Art, J. Paul Getty Museum, Paintings

The Italian Comedians Go on View in Elegant Company

J. Paul Getty Museum gallery teachers with Antoine Watteau's newly installed The Italian Comedians

A first look: Gallery teachers study Watteau's newly installed The Italian Comedians in preparation for introducing visitors to the painting on gallery tours.

The Getty Museum’s most recent painting acquisition, Jean-Antoine Watteau’s The Italian Comedians, is now on view at the Getty Center. It’s installed in Gallery S202 with an array of other 18th-century paintings in the collection, including one by Nicolas Lancret.

Watteau and Lancret were both known for the fête galante, a popular genre of French painting that depicted the outdoor leisure activities of the rich—picnicking, dancing, taking in performances. Watteau popularized this theme, and it may have been his fame as a painter of fêtes galantes that inspired Lancret to join the workshop of Watteau’s teacher Claude Gillot. Lancret probably met Watteau himself around 1712. After Watteau’s early death at the age of 36, Lancret became France’s leading painter of the genre.

These two artists, students of the same master, are now represented by two paintings hanging across from one another in the same gallery. Watteau’s The Italian Comedians and Lancret’s Dance Before a Fountain from about ten years later show two very different views of a day at the park for France’s upper crust.

Antoine Watteau's The Italian Comedians as installed in Gallery S202 at the Getty Center

The Italian Comedians, Antoine Watteau, about 1720. Oil on canvas, 50 3/4 x 36 3/4 in. The J. Paul Getty Museum, 2012.5

Dance Before a Fountain / Nicolas Lancret

Another view of a day at the park: Dance Before a Fountain, Nicolas Lancret, about 1730–1735. Oil on canvas, 37 13/16 x 54 5/16 in. The J. Paul Getty Museum, 2001.54

Lancret paints the well-to-do audience at their leisure, dancing by a fountain, cooing in couples, and generally enjoying an amorous day in the park. Even the dogs appear to be in love.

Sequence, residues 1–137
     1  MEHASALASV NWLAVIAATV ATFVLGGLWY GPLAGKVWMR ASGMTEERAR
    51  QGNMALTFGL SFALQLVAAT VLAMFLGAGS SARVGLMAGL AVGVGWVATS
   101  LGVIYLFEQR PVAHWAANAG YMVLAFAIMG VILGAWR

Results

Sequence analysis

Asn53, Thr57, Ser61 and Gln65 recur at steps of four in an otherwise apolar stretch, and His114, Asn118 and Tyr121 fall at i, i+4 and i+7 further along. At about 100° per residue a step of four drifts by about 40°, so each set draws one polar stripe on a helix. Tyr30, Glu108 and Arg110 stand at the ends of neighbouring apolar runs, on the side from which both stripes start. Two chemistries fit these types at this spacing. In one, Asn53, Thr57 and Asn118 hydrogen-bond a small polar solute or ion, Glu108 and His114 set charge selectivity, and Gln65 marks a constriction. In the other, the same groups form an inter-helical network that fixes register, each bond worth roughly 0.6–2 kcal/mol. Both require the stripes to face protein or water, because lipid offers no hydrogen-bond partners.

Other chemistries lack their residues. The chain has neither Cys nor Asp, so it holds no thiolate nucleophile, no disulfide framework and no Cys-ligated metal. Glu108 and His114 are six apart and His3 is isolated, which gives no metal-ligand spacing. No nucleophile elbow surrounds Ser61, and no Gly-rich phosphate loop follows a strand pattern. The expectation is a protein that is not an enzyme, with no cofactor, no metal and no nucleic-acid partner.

Dogs of the French elite in Nicolas Lancret's painting Dance Before a Fountain

Delicately amorous dogs of the French elite in Lancret's Dance Before a Fountain

Watteau presents a compassionately rendered troupe of actors who have just finished performing in the park for an upper-class audience like Lancret’s. The central figure, an actor dressed as the popular character Pierrot, reaches into his pocket, urging the ladies and gents in Lancret’s scene to reach into their pockets and make a donation.

Detail of the Italian Comedians / Watteau

Please, mesdames et messieurs, a donation for the performers?

Watteau's Italian Comedians in Gallery 202 of the Getty Center's South Pavilion

Watteau's Italian Comedians anchors one wall of Gallery 202 of the Getty Center's South Pavilion.

Lancret's Dance Before a Fountain in Gallery 202 of the Getty Center's South Pavilion

Lancret's Dance Before a Fountain faces the Watteau across the long gallery.

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      ROSE

      This milky pink boomed into popularity because of a marketing ploy, a mistress, and its ambiguous origins.

      In an effort to compete with the renowned Meissen porcelain factory, the French Sèvres manufactory recruited the glamorous Madame de Pompadour (mistress to King Louis XV). Like a smart sponsorship deal, Sèvres gave her all the porcelain she requested. 

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      For more on colors and their often surprising histories, check out The Brilliant History of Color in Art.

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